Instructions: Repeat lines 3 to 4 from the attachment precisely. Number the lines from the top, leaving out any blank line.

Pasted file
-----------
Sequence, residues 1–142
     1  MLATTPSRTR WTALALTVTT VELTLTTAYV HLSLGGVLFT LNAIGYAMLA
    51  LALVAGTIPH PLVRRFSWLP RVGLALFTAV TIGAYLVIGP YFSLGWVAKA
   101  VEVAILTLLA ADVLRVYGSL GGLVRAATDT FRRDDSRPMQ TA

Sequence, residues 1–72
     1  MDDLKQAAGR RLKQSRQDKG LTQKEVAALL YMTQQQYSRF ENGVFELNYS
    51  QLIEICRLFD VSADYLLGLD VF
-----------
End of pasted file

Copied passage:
    51  LALVAGTIPH PLVRRFSWLP RVGLALFTAV TIGAYLVIGP YFSLGWVAKA
   101  VEVAILTLLA ADVLRVYGSL GGLVRAATDT FRRDDSRPMQ TA